This quartzite boulder, considered sacred by the Kaw Nation, stood on display in Lawrence's Robinson Park for nearly 100 years. Originally installed as a tribute to the white settlers who founded the town, the Sacred Red Rock has now been returned to the Kanza Tribe.
This quartzite boulder, considered sacred by the Kaw Nation, stood on display in Lawrence's Robinson Park for nearly 100 years. Originally installed as a tribute to the white settlers who founded the town, the Sacred Red Rock has now been returned to the Kanza Tribe.

Brittany Dias, a Kaw Nation member who traveled to Lawrence for the ceremony from her home in Tulsa, said the rematriation of the rock brought “healing” medicine to her people’s relationship with the descendants of the settlers who forced them from their land.

At the turn of the 19th Century, the Kanza called nearly all of what is now Kansas as well as parts of Missouri and Nebraska (approximately 22 million acres) home. But the arrival of white settlers and a series of one-sided treaties forced the Kanza onto smaller and smaller parcels of land culminating in 1873 with their removal to Oklahoma, then known simply as Indian territory. Tatonetti and Edwards collaborated on an article in the summer edition of Kansas History: A Journal of the Central Plains, published by the Kansas Historical Foundation and the Department of History at K-State.

K-State English Professor Lisa Tatonetti and Johnson County Community College history Professor Tai Edwards collaborated on an article in the summer edition of Kansas History: A Journal of the Central Plains, published by the Kansas Historical Foundation and the Department of History at K-State. The article details the history of the Kanza’s exodus from the state that bears their name.
K-State English Professor Lisa Tatonetti and Johnson County Community College history Professor Tai Edwards collaborated on an article in the summer edition of Kansas History: A Journal of the Central Plains, published by the Kansas Historical Foundation and the Department of History at K-State. The article details the history of the Kanza’s exodus from the state that bears their name.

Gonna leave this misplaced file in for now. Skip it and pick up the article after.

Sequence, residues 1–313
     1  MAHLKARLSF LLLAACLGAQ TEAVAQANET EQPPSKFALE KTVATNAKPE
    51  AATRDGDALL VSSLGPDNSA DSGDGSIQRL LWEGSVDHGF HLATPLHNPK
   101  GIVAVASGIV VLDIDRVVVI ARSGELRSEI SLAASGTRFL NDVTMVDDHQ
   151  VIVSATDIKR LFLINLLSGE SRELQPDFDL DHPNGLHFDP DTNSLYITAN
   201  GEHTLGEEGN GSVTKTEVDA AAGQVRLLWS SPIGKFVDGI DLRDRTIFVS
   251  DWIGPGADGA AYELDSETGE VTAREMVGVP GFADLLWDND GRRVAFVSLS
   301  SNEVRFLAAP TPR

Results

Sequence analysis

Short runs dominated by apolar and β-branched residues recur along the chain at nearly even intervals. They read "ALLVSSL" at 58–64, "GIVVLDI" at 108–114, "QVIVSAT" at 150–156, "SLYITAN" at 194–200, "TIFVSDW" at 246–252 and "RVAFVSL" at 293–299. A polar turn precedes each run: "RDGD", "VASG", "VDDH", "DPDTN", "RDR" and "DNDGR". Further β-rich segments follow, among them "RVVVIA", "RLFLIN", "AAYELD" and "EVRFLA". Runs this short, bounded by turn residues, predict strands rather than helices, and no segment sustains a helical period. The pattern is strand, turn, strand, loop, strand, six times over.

The article details the history of the Kanza’s exodus from the state that bears their name. It includes annotations from land-cession treaties that imposed terms more favorable to settlers backed by the U.S. government than the Kanza.

With settlers under the protection of the U.S. government already occupying their land, Edwards says the Kanza had little choice but to accept terms more favorable to the government.

“I don’t call that negotiation between relative equals, I call that coercion,” she said.

####

Listen to a KPR commentary about the Sacred Red Rock that stood in Lawrence for nearly 100 years before it was returned to the Kaw Nation.

Jim McLean has covered Kansas news for nearly half a century as a radio and newspaper reporter for various news outlets, including Kansas Public Radio and the Topeka Capital-Journal. Mostly retired, he's now a special correspondent for KPR and the Kansas News Service.
KCUR serves the Kansas City region with breaking news and award-winning podcasts.
Your donation helps keep nonprofit journalism free and available for everyone.